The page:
In addition to helping India overcome its slow start, their centuries also put South Africa in a difficult situation—though it was still in the game, as it turned out. Class was exuded by Mandhana, and Harmanpreet demonstrated the power and precise touch of one. Mandhana quickened her pace, reaching her sixth ODI hundred in 103 balls after scoring 31 off the first 48 balls, and she proceeded to add 36 more. She went about the crease, slashing it to deep point or pulling to the square-leg region as the bowlers changed up their lines.

In the process, Mandhana made history by being the first Indian player to achieve two century in a row in women’s ODIs. Unlike her deputy, Harmanpreet didn’t have to start slowly. As her innings went on, she became faster after sprinting to a run-a-ball 24. Harmanpreet scored most of his runs on the leg side, in contrast to Mandhana, who scored on both sides of the wicket. She scored 70 runs on that side, hitting two of her three sixes and four of her nine fours in the midwicket area.

Mandhana and Harmanpreet Lead India to Victory Over South Africa in Thrilling 646-Run Encounter
Good feeling, isn't it? During their major stands, Smriti Mandhana and Harmanpreet Kaur take a breather. BCCI

Meike de Ridder, who substituted for South Africa’s first-choice wicketkeeper Sinalo Jafta due to a mild concussion on the eve of the game, failed to stump Harmanpreet on the second delivery of the last over when he was on 88. For the first time in nearly two years, Harmanpreet was able to achieve her sixth ODI century. To reach three figures, she blasted four, six, and four.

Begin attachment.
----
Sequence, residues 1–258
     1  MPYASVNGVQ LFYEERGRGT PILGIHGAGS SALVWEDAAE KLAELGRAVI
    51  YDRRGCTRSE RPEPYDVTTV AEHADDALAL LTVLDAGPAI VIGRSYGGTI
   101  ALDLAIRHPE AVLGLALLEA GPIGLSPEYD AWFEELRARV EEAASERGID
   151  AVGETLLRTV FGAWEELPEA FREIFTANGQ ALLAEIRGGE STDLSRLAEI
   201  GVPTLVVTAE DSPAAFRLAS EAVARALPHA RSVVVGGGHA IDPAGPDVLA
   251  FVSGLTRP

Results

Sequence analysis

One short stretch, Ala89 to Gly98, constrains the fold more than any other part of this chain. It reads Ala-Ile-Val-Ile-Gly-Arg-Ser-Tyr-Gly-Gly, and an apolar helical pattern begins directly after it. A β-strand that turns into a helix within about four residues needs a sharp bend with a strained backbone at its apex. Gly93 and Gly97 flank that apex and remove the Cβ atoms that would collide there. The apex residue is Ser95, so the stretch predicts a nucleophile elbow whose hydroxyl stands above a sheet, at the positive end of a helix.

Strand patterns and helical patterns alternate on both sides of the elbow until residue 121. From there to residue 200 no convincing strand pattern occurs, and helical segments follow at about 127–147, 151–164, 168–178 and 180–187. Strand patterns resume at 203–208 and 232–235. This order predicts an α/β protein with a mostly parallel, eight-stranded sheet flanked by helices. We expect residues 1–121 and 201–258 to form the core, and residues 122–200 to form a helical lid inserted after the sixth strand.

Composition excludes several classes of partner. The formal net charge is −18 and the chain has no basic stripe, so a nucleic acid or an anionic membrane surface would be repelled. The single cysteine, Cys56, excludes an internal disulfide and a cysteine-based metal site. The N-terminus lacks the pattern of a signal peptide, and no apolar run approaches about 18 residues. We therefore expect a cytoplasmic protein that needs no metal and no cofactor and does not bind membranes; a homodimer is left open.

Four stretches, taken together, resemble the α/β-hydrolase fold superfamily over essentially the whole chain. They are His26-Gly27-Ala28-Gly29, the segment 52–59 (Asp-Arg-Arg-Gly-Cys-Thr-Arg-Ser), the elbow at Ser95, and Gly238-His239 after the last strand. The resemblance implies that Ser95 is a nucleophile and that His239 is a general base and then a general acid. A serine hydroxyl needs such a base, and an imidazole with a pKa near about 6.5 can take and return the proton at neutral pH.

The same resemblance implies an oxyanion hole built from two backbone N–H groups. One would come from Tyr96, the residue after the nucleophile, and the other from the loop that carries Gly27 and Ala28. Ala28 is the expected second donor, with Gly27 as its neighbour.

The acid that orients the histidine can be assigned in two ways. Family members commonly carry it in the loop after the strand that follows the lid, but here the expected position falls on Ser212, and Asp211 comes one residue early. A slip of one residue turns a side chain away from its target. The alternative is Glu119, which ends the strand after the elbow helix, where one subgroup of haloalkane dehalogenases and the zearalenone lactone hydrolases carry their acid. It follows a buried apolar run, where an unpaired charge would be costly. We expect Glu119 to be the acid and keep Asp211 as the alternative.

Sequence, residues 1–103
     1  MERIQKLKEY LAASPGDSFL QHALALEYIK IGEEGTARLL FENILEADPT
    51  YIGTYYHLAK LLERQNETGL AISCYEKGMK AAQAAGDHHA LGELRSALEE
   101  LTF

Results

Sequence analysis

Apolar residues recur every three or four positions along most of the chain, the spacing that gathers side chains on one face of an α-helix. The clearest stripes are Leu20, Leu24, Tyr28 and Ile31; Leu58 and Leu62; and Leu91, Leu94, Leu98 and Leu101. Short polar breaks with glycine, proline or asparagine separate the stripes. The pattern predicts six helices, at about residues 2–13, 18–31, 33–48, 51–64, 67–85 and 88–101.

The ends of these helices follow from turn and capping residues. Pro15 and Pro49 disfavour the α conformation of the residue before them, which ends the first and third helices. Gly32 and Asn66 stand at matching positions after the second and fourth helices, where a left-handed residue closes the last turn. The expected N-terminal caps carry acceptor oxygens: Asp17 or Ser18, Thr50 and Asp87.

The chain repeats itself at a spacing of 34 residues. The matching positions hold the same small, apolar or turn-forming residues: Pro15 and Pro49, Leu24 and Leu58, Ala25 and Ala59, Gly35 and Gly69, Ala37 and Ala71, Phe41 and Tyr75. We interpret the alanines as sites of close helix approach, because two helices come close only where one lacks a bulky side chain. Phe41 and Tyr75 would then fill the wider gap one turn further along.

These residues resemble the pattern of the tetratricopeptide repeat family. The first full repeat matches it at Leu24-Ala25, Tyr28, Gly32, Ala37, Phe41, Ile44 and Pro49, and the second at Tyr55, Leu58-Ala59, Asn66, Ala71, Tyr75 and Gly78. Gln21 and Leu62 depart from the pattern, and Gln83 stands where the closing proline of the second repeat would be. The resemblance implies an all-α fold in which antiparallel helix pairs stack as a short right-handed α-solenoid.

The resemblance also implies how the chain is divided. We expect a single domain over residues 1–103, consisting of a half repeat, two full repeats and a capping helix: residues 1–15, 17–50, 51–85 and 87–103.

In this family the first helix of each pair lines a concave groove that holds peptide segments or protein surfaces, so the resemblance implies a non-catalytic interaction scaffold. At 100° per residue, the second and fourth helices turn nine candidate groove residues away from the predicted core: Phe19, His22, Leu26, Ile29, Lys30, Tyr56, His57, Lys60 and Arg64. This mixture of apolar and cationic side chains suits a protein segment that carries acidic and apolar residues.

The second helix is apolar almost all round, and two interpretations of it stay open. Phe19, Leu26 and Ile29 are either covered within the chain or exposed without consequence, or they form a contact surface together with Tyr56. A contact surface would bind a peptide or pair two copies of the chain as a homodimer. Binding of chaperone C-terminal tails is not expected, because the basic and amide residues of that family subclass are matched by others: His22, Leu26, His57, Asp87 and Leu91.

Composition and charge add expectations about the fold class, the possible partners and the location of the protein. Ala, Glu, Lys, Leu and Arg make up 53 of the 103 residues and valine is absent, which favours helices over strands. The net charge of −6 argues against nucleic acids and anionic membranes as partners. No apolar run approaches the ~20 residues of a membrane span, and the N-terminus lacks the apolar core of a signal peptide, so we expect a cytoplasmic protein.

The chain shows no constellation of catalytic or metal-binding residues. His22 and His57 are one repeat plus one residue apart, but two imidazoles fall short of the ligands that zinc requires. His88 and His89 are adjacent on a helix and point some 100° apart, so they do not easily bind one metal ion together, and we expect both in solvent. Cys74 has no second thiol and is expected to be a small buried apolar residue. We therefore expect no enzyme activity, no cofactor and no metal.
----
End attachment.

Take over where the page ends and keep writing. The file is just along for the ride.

As South Africa lost momentum, Wolvaardt even added legspinner-all-rounder Sune Luus to the attack, who had not bowled in ODIs for two years. They were unable to stop India, though, as they amassed 118 runs in the final ten overs.

In contrast, Richa Ghosh, batting at No. 5, hit an impressive 13-ball, undefeated 25, which included three fours and a six. Ghosh was crucial to the uninterrupted 54-run partnership with Harmanpreet. The veteran pros, Kapp and Wolvaardt, were focused and unwavering.

South Africa is in the second-to-last series in the 2022–25 Women’s Championship cycle. They need to win a few of their six games (they play England at home next) to guarantee their spot in the 2025 World Cup in India. They needed points here because they had already lost the first game.

With three wickets lost for 67 runs in the first fifteen overs, South Africa’s innings did not start well. But unlike on Sunday, when the Indian spinners struggled to turn and grip under the lights, the pitch worked in the batsmen’ favor throughout the chase. Wolvaardt and Kapp were able to adjust and perform well in the final fifteen overs or so thanks to that.

They started off by putting away the loose deliveries and taking singles off of nice ones, keeping the scoreboard ticking over. Both of the set batters converted their starts and reached half-centuries thanks to their clarity and patience.

Playing as a pure hitter with her workload controlled after suffering a back ailment, Kapp was able to perform well under duress, smashing 11 fours and three sixes in her 114 off 94 balls. Wolvaardt took measured chances and played a well-paced innings to stay to the end, becoming the first batter from South Africa to score 4,000 runs in women’s ODIs on the evening. Twelve fours and three sixes made up her knock.

And the two quickened their pace, needing 148 runs from the final 15 overs. After Vastrakar’s outstanding catch at long-off eliminated Kapp in the 43rd over, Wolvaardt did not let up, striking the ball with ease.

Another thing that brought South Africa closer was Nadine de Klerk’s cameo of 28. Until they ultimately came up just short.